Compassion started work in Bolivia in 1975. Today, there are over 89,000 children registered in our programs through 222 church partners.
of people live below the poverty line
lack access to improved sanitation
years is the average life expectancy
Bolivia has made strong social and economic gains in the past two decades; in fact, it has been South America’s strongest-growing economy in that time. Yet the nation stands at a crossroads, thanks to a controversial decision from its highest court to allow President Evo Morales to seek election for a fourth term.
As a member of the Aymara indigenous majority and with a background in a coca growers’ union, President Evo Morales was elected in 2005 on a platform of reform, workers’ rights, and advocacy for the poor and marginalised.
He renationalised the oil and gas industries and used the subsequent income to invest in social programs, lifting millions of people out of poverty. Between 2000 and 2015, the proportion of Bolivians living on less than US$3.20/day fell from 42 per cent to 12.9 per cent, and the number living in extreme poverty (less than US$1.90/day) improved even more dramatically.
In 2016, President Morales sought permission to change the constitution and run for a third term, but the people voted against the proposal. After initially accepting the outcome, the President later challenged it in court—and won.
Opponents have criticised the court’s decision as a “blow to the [nation’s] constitution”. Despite some calls for protest, Bolivia has remained relatively calm, but feelings of unrest may grow as the election, due in 2019, draws closer. Meanwhile, many children still live in poverty. Bolivia still struggles with the issue of child labour; many children of school age have traded the classroom for the workplace, often doing low-paid, difficult and dangerous work. It’s a move born of desperation, and while it may mean a slight increase in a family’s income, working children are at a long-term disadvantage when it comes to education and opportunities for stable employment.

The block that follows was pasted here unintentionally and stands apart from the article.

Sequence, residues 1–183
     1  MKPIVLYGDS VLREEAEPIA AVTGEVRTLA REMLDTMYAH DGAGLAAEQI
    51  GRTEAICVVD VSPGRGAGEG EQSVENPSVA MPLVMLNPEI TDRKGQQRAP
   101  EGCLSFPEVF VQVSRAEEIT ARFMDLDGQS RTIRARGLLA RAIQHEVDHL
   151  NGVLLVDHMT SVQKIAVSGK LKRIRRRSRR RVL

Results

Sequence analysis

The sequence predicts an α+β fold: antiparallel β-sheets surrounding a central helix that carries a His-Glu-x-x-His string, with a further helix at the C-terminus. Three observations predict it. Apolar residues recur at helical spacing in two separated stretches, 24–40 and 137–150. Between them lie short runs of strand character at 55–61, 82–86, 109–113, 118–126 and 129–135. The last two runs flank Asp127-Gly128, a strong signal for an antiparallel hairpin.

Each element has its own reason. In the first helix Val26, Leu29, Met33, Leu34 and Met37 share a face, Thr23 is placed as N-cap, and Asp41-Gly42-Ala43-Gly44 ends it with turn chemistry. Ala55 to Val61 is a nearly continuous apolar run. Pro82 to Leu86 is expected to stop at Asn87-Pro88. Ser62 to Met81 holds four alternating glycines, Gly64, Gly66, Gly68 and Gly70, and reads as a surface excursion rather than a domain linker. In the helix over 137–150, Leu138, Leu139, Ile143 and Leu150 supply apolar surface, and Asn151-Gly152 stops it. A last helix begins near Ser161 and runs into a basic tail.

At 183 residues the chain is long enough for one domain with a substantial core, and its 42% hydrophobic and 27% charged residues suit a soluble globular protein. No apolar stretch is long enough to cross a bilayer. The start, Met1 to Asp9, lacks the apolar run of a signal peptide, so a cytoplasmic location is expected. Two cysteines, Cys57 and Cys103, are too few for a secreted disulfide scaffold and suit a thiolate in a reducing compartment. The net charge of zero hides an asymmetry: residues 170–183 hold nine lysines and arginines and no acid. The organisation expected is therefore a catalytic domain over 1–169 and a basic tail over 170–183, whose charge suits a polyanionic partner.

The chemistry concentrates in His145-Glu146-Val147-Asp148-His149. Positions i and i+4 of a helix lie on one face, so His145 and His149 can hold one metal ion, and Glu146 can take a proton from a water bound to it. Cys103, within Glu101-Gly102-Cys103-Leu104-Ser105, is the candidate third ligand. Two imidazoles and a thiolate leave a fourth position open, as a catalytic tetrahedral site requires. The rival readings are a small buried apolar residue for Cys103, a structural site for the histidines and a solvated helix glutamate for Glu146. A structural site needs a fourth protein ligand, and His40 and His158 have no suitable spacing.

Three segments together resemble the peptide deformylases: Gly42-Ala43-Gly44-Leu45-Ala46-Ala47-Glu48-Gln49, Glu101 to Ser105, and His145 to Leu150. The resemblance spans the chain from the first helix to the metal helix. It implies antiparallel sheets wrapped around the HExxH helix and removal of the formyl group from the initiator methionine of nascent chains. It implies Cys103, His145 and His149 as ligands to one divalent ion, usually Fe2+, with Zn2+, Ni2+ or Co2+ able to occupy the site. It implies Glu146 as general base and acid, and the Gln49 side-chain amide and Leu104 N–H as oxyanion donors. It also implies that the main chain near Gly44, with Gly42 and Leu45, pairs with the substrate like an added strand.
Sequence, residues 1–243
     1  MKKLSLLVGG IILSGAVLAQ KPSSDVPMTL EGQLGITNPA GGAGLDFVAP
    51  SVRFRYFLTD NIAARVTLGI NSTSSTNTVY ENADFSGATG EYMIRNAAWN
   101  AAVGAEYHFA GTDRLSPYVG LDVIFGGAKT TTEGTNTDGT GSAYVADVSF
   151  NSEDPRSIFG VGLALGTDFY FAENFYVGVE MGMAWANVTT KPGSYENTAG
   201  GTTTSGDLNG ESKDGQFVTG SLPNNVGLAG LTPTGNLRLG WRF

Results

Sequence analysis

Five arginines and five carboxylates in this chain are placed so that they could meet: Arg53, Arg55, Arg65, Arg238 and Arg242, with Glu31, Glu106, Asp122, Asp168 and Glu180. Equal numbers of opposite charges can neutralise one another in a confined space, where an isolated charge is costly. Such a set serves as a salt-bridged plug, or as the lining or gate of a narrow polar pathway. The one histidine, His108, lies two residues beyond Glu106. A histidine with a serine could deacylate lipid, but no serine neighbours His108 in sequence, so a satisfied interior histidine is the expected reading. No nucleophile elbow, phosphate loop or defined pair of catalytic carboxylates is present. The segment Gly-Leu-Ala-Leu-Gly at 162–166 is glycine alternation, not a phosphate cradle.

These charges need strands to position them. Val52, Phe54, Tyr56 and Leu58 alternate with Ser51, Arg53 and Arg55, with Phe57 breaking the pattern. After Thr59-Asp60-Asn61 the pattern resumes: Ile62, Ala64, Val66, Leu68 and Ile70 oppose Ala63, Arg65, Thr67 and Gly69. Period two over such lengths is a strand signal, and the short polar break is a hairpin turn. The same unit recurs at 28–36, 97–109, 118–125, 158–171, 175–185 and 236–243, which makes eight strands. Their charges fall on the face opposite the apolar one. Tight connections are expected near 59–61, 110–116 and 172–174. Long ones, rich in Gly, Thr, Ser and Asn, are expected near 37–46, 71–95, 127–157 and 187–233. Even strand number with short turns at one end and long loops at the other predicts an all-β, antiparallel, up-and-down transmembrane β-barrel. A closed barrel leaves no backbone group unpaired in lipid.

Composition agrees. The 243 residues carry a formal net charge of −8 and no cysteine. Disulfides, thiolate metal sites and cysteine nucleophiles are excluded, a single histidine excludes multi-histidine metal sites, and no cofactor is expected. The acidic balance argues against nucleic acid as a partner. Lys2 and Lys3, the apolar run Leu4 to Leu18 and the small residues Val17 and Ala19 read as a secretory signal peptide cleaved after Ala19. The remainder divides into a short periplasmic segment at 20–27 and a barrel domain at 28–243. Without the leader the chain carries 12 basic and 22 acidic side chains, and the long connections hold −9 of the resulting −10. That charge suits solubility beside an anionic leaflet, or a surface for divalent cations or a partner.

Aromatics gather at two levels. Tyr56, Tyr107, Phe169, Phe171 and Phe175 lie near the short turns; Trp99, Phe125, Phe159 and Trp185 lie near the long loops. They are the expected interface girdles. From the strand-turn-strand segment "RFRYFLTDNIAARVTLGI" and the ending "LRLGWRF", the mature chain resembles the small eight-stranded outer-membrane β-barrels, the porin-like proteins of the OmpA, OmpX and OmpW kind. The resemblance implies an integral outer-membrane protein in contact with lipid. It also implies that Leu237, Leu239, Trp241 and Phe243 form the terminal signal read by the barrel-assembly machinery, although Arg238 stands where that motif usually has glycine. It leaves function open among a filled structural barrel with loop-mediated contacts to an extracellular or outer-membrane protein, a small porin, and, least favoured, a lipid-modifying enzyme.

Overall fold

Dear Sponsor, Greetings from Bolivia! My name is Mario Vásquez, and I’ve been working for Compassion for about 33 years. I started as an errand boy, and 26 years ago I became National Director for Bolivia. I’m married; my wife’s name is Eva and together we have four beautiful daughters. And to complete the female domain in my home, we have a female cat as a pet.open_in_new Read full letter
Juan Quisbert suffered strong chest pains from the time he was a young boy. “I couldn’t do physical activities. I didn’t pass physical education at school,” he says. When Juan was seven years old, he joined the Compassion program at his local church. When he was 13, a regular medical checkup revealed he had an arrhythmia.open_in_new Read more